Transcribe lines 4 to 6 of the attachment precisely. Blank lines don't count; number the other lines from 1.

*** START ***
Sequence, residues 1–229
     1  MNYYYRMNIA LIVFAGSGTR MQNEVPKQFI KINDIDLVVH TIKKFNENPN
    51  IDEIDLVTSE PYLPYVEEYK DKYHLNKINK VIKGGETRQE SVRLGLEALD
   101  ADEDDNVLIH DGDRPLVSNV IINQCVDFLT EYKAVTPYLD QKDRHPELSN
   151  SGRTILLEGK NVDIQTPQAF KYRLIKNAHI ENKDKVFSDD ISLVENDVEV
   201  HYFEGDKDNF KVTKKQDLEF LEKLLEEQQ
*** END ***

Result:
   101  ADEDDNVLIH DGDRPLVSNV IINQCVDFLT EYKAVTPYLD QKDRHPELSN
   151  SGRTILLEGK NVDIQTPQAF KYRLIKNAHI ENKDKVFSDD ISLVENDVEV
   201  HYFEGDKDNF KVTKKQDLEF LEKLLEEQQ